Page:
A process for desulfurization of coking benzene by a two-step method with reuse of sorbent/thiophene and its key procedures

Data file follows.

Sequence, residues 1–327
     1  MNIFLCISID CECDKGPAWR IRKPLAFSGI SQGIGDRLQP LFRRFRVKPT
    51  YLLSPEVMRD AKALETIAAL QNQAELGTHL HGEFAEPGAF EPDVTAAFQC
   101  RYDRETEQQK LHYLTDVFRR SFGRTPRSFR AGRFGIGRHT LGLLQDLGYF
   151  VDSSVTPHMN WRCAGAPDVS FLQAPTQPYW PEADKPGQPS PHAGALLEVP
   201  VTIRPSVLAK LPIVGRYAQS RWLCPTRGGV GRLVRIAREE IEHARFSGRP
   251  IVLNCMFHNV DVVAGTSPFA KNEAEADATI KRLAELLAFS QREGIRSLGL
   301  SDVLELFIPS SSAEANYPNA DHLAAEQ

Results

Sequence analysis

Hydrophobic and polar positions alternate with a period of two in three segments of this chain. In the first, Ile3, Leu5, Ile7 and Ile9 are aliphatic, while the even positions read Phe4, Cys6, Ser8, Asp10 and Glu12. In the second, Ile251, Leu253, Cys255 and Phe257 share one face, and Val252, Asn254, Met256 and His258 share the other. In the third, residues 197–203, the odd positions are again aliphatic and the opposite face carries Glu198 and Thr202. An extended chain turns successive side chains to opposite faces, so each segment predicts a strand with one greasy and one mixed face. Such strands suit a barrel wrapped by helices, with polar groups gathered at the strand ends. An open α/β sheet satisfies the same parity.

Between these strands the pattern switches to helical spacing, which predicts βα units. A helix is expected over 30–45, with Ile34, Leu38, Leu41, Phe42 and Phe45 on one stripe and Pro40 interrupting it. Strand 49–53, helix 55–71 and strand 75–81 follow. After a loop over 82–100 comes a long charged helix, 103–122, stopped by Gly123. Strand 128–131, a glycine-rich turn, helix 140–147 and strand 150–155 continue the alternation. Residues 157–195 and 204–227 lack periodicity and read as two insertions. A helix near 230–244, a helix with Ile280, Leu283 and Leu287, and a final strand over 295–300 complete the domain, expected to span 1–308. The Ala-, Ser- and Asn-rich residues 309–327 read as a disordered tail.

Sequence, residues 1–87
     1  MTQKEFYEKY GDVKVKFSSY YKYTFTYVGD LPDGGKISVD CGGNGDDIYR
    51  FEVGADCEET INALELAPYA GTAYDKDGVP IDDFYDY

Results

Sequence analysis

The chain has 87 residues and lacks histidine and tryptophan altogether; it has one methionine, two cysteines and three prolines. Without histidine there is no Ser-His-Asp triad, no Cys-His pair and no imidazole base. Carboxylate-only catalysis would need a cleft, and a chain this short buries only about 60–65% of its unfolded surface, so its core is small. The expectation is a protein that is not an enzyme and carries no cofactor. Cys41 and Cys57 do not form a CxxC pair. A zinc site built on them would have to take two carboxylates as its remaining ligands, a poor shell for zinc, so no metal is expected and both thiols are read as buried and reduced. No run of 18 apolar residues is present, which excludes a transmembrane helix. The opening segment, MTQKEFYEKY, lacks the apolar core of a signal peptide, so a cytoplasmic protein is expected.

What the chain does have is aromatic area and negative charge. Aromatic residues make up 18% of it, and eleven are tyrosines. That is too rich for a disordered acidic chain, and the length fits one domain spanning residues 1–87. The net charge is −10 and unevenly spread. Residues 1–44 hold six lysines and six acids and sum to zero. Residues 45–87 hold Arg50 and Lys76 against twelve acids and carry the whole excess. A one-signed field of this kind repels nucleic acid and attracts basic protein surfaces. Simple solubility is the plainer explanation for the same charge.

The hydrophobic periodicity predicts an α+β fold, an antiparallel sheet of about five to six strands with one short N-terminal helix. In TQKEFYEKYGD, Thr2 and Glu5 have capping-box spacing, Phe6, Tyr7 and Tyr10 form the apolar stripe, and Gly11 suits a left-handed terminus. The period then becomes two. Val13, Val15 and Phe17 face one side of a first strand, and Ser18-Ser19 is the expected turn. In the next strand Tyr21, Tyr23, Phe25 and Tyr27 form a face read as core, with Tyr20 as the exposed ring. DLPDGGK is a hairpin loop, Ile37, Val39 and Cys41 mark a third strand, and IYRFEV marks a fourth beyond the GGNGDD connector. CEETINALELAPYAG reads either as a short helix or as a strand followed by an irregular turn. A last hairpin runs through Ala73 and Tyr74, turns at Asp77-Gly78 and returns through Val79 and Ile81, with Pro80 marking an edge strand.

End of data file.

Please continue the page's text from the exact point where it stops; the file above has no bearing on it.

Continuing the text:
Pure benzene is an important chemical feedstock, and coking benzene is one of its sources. However, the industrialized coking benzene refining processes are not green and sustainable. To solve this problem, a green two-step process for the desulfurization of coking benzene with the advantages of easy operation, low environmental pollution and solid waste (sorbent/thiophene) recyclability was evaluated. The thiophene in coking benzene was first alkylated by the olefins present in it using a suitable AlCl3/silica gel catalyst to produce alkylthiophenes, which can be easily separated by distillation. The AlCl3/silica gel catalyst obtained by a novel green process was effective in catalyzing the alkylation of thiophene by 1-hexene with an efficiency of removing thiophene up to 94.2%. AlCl3 was grafted onto silica gel by reacting with hydroxyls on its surface, which could prevent the dissolution problem of AlCl3 in benzene. The residual thiophene with its concentration range of 100–1000 mg L−1 in benzene was then almost completely removed by adsorption using an ion-exchanged zeolite. The CeY zeolite sorbent showed excellent performance in deeply removing the residual thiophene in the benzene, in which the adsorption desulfurization over the CeY sorbent fits a Langmuir isotherm. The product met the requirements for a chemical feedstock, in that no thiophene was measured in the purified benzene by gas chromatography with a flame photometric detector. The CeY zeolite with adsorbed thiophene was used to prepare polythiophene–CeY composites by chemical oxidative polymerization using anhydrous FeCl3 as an oxidant at 0 °C. The decomposition temperature of the polythiophene–CeY composites is 480 °C, which is 60 °C higher than that of polythiophene.